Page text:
Review:
SUNDANCE:

An opera based on events leading to the
trial and incarceration of Leonard Peltier

by
Donna Muhs-McCarten

A Sun Dance is a dance of renewal of the earth and cosmos. Renewed efforts for justice have been recently undertaken with the world premiere of Sundance,a two-act chamber opera depicting the events leading up to the trial and incarceration of Native American political prisoner Leonard Peltier. Performed in the Cazenovia Theatre on July 7 and 8, many in the audience stayed after the performance to reflect upon Native American issues past and present. With music composed by Matt Walton, a political activist holding degrees in both musical composition and political science from Syracuse University, and libretto written by his father, Leonard (Lenny)Walton, the opera is a unique experience.

The world premier was presented by the Syracuse Society of New Music and co- sponsored by the Student Environmental Action Coalition, the Conflict Management Center, Syracuse University MAYFEST and SU's Sociology Department.

Lenny adds strong emotional elements to the libretto by using the actual words from events and trial manuscripts, complementing them with projections of photos from Wounded Knee and the 1969-1971 Alcatraz occupation. The opera leads up to the deaths of two FBI men in 1975 on the Pine Ridge Reservation, SouthDakota, and the accusation of Leonard Peltier as their murderer. Falsification of evidence by US officials and other legal misconduct eventually result in the sentencing of Mr. Peltier to two consecutive life terms and his incarceration for over 27 years for a crime he insists he did not commit. Amnesty International has labeled Leonard Peltier a "political prisoner" who ought to be "immediately and unconditionally released."

The singers' voices, the opera's scenery and lighting, and Matt's direction of the chamber ensemble created a powerful performance that works effectively to tell the story to audiences new to this part of history.. Follow-up panel discussions are an integral part of the educational nature of the work. Further collaboration came through workshops designed to provide feedback on relating the story to first-time listeners.

When asked to explain the objectives of the opera, Lenny, responded, "We wanted to tell Peltier's story in a way that might appeal to a group that had not already heard it. In that telling, we wanted to help the audience understand the pain, frustration and lack of hope that Native Americans were feeling, based on how they had been treated by the US government. We are not trying to make an issue of Peltier's guilt or innocence; it was more about Native Americans receiving unfair treatment at the hands of the government, and that Peltier deserved a fair trial.Based on the comments we received after the performance we think that we achieved what we set out to do."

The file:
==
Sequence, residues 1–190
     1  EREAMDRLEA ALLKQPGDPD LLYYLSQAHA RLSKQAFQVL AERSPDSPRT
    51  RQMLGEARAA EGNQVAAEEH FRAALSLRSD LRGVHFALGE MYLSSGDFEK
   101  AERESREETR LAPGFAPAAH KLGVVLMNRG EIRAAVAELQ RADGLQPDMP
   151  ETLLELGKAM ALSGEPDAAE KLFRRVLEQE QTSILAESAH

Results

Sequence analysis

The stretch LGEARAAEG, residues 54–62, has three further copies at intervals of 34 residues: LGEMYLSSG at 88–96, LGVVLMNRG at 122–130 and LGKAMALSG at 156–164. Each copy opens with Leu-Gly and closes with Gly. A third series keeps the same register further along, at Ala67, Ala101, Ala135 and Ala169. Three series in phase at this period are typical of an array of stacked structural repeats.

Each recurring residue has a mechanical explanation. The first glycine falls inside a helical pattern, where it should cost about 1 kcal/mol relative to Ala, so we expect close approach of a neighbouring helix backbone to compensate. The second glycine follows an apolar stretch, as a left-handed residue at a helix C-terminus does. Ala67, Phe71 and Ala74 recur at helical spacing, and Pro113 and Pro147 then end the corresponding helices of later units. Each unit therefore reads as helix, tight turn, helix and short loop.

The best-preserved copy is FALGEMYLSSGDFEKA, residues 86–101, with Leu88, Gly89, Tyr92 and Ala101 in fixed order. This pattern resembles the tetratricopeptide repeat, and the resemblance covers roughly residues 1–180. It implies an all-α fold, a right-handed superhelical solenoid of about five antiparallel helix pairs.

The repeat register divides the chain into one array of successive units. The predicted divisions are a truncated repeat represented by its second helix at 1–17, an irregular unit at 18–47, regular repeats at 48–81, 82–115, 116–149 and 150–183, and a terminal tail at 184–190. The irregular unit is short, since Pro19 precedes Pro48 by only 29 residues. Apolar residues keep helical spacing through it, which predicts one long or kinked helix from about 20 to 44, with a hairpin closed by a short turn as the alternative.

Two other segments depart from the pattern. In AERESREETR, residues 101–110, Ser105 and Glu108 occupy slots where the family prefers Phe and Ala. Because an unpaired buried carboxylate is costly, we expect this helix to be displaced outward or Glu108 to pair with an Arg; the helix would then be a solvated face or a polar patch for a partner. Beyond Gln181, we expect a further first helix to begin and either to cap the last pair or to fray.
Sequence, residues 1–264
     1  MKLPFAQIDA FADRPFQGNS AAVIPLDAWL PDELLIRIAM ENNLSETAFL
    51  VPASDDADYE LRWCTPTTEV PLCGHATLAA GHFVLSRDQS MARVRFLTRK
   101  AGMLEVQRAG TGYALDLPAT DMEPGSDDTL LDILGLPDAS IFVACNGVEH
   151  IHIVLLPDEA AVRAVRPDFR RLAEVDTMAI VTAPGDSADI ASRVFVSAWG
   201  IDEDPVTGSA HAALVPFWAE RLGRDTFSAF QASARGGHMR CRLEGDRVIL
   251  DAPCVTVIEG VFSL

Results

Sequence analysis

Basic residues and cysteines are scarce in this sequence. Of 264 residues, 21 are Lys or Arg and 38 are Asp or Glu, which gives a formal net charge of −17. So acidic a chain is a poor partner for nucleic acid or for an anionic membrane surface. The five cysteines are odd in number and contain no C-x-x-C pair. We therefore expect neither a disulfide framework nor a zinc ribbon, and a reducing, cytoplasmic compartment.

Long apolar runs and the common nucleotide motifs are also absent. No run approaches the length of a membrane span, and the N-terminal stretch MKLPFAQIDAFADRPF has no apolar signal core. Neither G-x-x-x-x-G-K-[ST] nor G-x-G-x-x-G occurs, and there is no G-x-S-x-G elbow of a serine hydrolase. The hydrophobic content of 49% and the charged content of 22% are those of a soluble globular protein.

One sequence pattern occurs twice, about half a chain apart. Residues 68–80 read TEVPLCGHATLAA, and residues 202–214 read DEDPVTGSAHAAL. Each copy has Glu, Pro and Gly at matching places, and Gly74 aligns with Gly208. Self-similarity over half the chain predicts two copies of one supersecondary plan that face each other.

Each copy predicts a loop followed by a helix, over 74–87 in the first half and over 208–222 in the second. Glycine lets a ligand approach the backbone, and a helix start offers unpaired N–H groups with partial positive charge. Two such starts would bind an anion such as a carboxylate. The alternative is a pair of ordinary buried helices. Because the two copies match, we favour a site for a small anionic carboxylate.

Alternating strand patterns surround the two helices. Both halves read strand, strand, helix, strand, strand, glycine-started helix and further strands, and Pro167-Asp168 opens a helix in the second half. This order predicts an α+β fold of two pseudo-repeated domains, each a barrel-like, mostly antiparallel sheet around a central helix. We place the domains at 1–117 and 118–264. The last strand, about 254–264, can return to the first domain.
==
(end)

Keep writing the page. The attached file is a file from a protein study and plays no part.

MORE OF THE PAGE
Matt and Lenny hope for continued funding to perform live at additional locations. "Syracuse was a great place to start," said Lenny, "since it has a large Native American population and a direct connection to many of the incidents portrayed in the opera." As was mentioned in one of the panel discussions following the opera, the recent Onondaga Land Rights Claim comes to mind and with it, the importance of acknowledging Native American sovereignty . It is that collective voice of the Native American that must be heard.

The first act ends powerfully with the words of Leonard Peltier sung out:

…We are your own conscience calling to you.

Upcoming Performances


Tuesday, September 27 at 8 pm at Setnor Auditorium in Crouse College (Syracuse University). $15 and $12 (students/ seniors). Hildegard VanderSluis 468-0246.
Friday, February 17 at 7:30 pm in the Chapel at Colgate University



We are you yourself

crying unheard within you
Put your ear to the earth
and hear my heart beating there.

Put your ear to the wind
and hear me speaking there.

We are the voice of the earth,
of the future,
of the mystery.

Hear us.

If you missed these first live performances, you can still be part of the world premier via the web. For $5 you may view the opera for a week - see www.xmienevts.com/events/ for details. A portion of the profits will be donated to the Leonard Peltier Committee.

It is imperative that as advocates of social justice we actively support those who have been punished and incarcerated for fighting oppression and injustice. Matt and Lenny encourage you to write Leonard at:

Leonard Peltier # 89637-132
USP Lewisburg
US Penitentiary
PO Box 1000
Lewisburg, PA 17837


Donna is a retired teacher and member of the PNL Editorial Committee.